Written by: Amie Alexander, JD/MPS Candidate, William H. Bowen School of Law

The Waterkeeper Alliance and the National Pork Producers Council sued the United States Environmental Protection Agency (EPA) in the U.S. District Court for the District of Columbia seeking review of a Final Rule issued by the EPA. The U.S. Poultry and Egg Association intervened in the suit. The Court reached its decision in April that the EPA did not have the authority to create an exception for farms to statutory requirements for notification of the release of hazardous substances. The National Pork Producers Council had separately challenged the EPA’s decision not to extend the general farm exception to concentrated animal feeding operations (CAFOs), however, because the court struck down the final rule, it did not consider this argument.

Background on hazardous substances reporting requirements

The Comprehensive Environmental Response, Compensation, and Liability Act of 1980 (CERCLA) (See 42 U.S.C. § 9603) and the Emergency Planning and Community Right-to-Know Act of 1986 (EPCRA) (See 42 U.S.C. § 11004) require parties to notify authorities if large quantities of hazardous materials are released into the environment. Per a 2008 EPA final rule (73 Fed. Reg. 76,948, 76, 956/1 (Dec. 18, 2008)), farms were generally exempted from CERCLA and EPCRA reporting requirements for animal waste air releases because the EPA reasoned these “reports are unnecessary because, in most cases, a federal response is impractical and unlikely.” This exception was later limited in scope to require large concentrated animal feeding operations (CAFOs) to abide by the reporting requirements. The parties in this suit focused the scope of “hazardous materials” on two substances emitted by decomposing animal waste – ammonia and hydrogen sulfide. Both substances were classified as hazardous substances by the EPA, which set the reportable quantity for each substance at 100 pounds per day.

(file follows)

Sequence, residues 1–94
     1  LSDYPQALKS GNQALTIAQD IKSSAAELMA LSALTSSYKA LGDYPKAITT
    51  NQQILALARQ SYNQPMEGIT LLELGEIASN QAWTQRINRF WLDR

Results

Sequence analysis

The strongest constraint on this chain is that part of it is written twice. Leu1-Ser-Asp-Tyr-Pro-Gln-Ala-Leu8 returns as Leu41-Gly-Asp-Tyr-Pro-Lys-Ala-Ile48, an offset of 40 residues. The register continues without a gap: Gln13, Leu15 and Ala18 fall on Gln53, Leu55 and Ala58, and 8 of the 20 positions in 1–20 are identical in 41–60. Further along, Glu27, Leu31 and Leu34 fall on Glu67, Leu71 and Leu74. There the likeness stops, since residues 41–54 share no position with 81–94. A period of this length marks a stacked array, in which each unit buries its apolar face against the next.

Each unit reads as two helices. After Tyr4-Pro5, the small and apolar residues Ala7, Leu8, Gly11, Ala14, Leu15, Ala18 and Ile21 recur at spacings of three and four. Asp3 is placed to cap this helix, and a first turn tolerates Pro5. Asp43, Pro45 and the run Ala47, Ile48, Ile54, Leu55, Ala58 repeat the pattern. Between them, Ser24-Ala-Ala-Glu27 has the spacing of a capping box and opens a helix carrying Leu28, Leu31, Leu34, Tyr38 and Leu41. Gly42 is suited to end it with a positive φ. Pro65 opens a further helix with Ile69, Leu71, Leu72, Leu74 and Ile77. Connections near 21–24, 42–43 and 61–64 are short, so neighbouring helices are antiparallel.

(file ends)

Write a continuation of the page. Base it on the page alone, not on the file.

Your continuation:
The EPA’s authority as an administrative agency

In cases challenging an agency’s final rule, the Court reviews the rule under a reasonableness standard established by Chevron – if the agency interpretation of the statute is determined to be a response to a reasonable interpretation of a statutory ambiguity, the final rule will prevail. If the agency’s interpretation contradicts with an interpretation spoken directly by Congress, however, the agency’s interpretation will be determined unreasonable. The EPA’s action in exempting farms could also have been upheld if the exception was created as an implementation of the de minimis doctrine. The de minimis doctrine is a power granted to agencies to minimize pointless expenditures of effort; however, an agency cannot use this doctrine to create an exception to a statute that would provide benefits and further regulatory objectives, but the agency considers these benefits to be exceeded by the costs required to produce them.

The Court’s determination

The EPA argued that notifications of animal-waste releases serve no regulatory purpose, arguing that it would be “impractical or unlikely” to respond to such a release. The Court found it to be unclear why it would be impractical for the EPA to investigate in cases “where pumping techniques or other actions lead to toxic levels of hazardous substances such as hydrogen sulfide.” Commenters also provided that local or state authorities might use CERCLA release reports.  In making its decision, the Court acknowledged significant costs that might outweigh the benefit derived from reporting requirements. For example, it is estimated that this final rule would “save farms more than a million hours and more than $60 million in compliance costs and cut out roughly 160,000 hours and $8 million in government costs related to those reports.” However, the Court stressed that even if this was the case, the authority to create such an exception lies with Congress, not the EPA. You can read the full opinion here.

The future of reporting requirements for farms

Recently, 28 senators sent a letter urging EPA Administrator Scott Pruitt to challenge this decision and allow the U.S. Supreme Court to decide whether the EPA was within its authority in exempting farms from these reporting requirements under CERCLA and EPCRA. In the letter, these Senators argued that “Congress never imagined the normal odors and emissions (including low-level concentrations of ammonia and hydrogen sulfide) of livestock, poultry, and egg production would somehow be captured” by these reporting requirements. Senators further argued that when the reporting requirements go into effect, farms and ranches across America could face potential liability if they handle reports incorrectly, and additionally, the influx of new reports would overburden the National Response Center and impede local first responders relying on reports of hazardous substances to act quickly in dangerous situations.

The Senators lastly urged Administrator Pruitt to clarify the applicability of agricultural exemptions contained in CERCLA and EPCRA, tailor reportable quantities to an appropriate level for livestock and poultry operations, and finally, to work with Congress if necessary to find an appropriate solution. While reporting requirements were originally set to go into effect for farms on June 2, 2017, reporting requirements are currently on hold due to the filing of a motion for rehearing in the case.